Down Syndrome

Down syndrome is a common genetic disorder. Down syndrome causes birth defects, medical problems, and some degree of intellectual disability .

  • Causes

    Chromosomes contain the genetic makeup of your body. They occur in 23 pairs within the body. Down syndrome is a problem with chromosome pair 21. There is extra genetic material on the chromosome that may be caused by:

    • An extra chromosome—This type is called Trisomy 21. This results from an error in cell division in the egg or sperm.
    • Extra chromosomes in some cells—This type is called Mosaic Trisomy 21.
    • Part of the chromosome breaking off and reattaching to another chromosome—This type is called translocation trisomy. In about one third of individuals, the translocation is inherited from a parent.

  • Definition


    Down syndrome is a common genetic disorder. Down syndrome causes birth defects, medical problems, and some degree of
    intellectual disability
    .

  • Diagnosis

    Doctors can usually identify a child born with Down syndrome at birth. When Down syndrome is suspected, a blood test will be done to confirm it.

    Down syndrome may also be diagnosed before birth. There are screening tests and diagnostic tests to help identify chromosome abnormalities before birth.

  • Prevention

    There are no guidelines for preventing Down syndrome. If you have concerns about having a child with Down syndrome, consider getting genetic counseling before becoming pregnant.

  • Risk Factors

    Factors that increase the chance for Down syndrome include:

    • Genetics: If either parent is a carrier of Translocation Down syndrome, there is an increased risk.
    • Age: The chance of having a child with Down syndrome increases after a woman reaches age 35.
    • Sex: More boys than girls are born with Down syndrome.
    • History of a previous child with Down syndrome.

  • Symptoms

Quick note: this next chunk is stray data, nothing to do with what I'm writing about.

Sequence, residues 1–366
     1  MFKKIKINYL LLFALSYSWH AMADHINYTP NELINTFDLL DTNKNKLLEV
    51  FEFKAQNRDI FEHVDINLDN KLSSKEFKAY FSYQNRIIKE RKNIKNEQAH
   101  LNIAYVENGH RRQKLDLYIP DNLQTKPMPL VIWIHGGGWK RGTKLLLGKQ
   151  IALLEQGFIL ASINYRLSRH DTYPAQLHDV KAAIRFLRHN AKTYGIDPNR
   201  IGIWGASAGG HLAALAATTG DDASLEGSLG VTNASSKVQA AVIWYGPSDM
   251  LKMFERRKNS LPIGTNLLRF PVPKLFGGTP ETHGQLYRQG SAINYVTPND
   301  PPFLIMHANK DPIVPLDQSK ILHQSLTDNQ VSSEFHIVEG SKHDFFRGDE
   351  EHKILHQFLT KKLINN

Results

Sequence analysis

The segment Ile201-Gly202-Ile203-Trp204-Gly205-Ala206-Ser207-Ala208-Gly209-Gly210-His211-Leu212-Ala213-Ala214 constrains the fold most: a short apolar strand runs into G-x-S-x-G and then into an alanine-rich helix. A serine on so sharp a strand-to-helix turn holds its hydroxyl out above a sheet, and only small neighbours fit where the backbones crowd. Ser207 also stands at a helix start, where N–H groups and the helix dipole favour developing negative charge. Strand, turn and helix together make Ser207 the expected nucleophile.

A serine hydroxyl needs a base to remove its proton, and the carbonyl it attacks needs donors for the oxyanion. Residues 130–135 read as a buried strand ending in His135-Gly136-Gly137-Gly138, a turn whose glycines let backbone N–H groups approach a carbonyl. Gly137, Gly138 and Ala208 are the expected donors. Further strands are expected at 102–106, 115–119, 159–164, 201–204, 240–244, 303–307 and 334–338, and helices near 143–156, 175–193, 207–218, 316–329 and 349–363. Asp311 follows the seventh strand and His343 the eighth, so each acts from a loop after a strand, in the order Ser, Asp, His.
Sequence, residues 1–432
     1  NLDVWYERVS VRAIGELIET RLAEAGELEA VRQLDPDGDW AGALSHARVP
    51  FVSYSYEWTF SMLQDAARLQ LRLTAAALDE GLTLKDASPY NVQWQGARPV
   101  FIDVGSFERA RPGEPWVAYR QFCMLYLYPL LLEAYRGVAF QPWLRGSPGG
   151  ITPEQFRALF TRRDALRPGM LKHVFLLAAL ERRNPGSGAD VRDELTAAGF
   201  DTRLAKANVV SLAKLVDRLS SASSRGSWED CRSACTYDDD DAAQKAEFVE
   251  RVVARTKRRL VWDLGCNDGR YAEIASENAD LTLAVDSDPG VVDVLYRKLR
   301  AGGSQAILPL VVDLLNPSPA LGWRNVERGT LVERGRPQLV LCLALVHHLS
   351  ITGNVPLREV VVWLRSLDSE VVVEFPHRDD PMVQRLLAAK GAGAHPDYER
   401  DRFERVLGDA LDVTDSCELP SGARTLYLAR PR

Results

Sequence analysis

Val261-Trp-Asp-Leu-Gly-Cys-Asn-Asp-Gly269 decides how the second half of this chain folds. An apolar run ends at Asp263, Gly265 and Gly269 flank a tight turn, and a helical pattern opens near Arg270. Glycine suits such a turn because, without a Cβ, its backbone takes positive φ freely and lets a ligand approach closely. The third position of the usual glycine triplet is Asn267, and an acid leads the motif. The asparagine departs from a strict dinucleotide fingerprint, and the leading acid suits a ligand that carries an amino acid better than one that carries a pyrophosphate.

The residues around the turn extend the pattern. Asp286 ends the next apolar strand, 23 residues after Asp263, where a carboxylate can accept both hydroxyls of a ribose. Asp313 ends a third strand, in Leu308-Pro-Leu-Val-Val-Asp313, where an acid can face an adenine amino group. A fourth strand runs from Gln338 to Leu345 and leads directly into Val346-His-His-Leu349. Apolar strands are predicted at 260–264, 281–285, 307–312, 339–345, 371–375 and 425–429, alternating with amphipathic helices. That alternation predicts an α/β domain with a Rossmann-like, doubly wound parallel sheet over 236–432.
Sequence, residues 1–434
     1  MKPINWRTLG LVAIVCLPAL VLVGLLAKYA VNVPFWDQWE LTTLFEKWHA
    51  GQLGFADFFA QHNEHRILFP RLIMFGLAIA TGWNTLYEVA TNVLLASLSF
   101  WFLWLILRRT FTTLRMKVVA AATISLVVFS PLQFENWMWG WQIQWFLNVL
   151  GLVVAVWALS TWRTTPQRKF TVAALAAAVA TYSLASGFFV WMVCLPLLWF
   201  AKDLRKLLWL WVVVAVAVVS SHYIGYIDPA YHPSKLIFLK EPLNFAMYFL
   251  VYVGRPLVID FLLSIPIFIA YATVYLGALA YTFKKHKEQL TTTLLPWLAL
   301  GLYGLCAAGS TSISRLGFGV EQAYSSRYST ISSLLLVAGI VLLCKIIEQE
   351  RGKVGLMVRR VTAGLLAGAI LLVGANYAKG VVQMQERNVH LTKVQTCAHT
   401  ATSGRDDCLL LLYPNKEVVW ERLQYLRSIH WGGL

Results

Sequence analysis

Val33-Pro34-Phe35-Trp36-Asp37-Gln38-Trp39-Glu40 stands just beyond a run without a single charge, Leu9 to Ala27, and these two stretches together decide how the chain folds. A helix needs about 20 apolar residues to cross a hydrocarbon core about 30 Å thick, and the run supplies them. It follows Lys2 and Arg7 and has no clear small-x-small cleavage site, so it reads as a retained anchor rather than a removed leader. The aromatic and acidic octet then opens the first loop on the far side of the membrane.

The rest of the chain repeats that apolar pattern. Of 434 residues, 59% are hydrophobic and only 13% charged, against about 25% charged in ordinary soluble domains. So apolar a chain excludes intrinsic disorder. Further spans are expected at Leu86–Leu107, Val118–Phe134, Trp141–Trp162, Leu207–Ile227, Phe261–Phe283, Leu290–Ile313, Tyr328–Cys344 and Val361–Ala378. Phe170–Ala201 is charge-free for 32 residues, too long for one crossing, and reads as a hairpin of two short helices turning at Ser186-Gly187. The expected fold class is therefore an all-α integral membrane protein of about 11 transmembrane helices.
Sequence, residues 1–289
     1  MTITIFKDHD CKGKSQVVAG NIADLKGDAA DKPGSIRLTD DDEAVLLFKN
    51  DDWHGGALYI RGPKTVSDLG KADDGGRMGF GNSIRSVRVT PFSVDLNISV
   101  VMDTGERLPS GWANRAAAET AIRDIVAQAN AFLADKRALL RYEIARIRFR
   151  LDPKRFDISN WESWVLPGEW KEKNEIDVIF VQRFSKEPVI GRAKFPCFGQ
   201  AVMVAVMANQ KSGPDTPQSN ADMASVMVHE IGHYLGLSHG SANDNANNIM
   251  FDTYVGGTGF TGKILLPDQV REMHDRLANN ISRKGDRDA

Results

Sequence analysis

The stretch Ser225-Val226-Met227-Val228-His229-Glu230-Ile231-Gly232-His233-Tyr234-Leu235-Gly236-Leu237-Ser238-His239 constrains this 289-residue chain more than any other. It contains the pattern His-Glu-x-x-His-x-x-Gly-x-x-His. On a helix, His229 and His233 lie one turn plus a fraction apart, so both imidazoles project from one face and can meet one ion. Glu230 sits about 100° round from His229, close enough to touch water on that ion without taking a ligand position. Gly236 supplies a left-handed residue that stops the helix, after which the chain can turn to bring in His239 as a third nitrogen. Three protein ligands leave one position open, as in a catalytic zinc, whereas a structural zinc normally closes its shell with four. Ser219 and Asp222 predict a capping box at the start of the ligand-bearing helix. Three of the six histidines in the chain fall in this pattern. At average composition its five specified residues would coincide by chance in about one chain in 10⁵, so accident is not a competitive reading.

Infants born with Down syndrome may have some or all of the following physical features:

    • Flat facial features, a somewhat depressed nasal bridge and a small nose
    • Upward slanted eyes, small skin folds on the inner corner of the eyes
    • Short neck with loose skin
    • Misshaped and/or low set ears
    • White spots on the colored part of the eye
    • Single skin crease in the palm of the hand
    • Excess flexibility in joints
    • Sight and hearing problems
    • Large and protruding tongue
    • Excessive space between the large and second toe

    The degree of medical problems and intellectual disability is different for each person. Talents, abilities, and pace of development will be different, too. People with Down syndrome may be born with or develop:

    • Vision problems
    • Hearing loss
    • Heart defects

    • Acute
      leukemia
    • Frequent ear infections
    • Instability of the back bones at the top of the neck, can result in compression injury of the spinal cord
    • Gastrointestinal obstruction
    • Hirschsprung disease,
      celiac disease
    • Sleep problems such as blocked airways during sleep, daytime sleepiness, sleep anxiety, and sleep walking

    • Increased incidence of
      dementia
      in older adults
    • Urinary system defects
    • High blood pressure
      in the lungs
    • Seizures

    • An
      under-active thyroid
    • Slow growth
    • Late to sit, walk, and toilet train
    • Speech problems
    • Obesity
    • Emotional problems

    Most of these health problems are treatable. The majority of people born with Down syndrome have a life expectancy of about 55 years.

  • Treatment

    There is no cure for Down syndrome.

    Some newborns may need surgery to repair serious medical problems, like heart defects.

    Treatment may be needed for severe problems or to help with developmental delays. Living at home and receiving special therapy helps children with Down syndrome achieve their full potential. Most people with the condition can actively participate in the community. This includes activities at schools, jobs, and various leisure activities. Some people with Down syndrome live with family, some live with friends, and some live independently.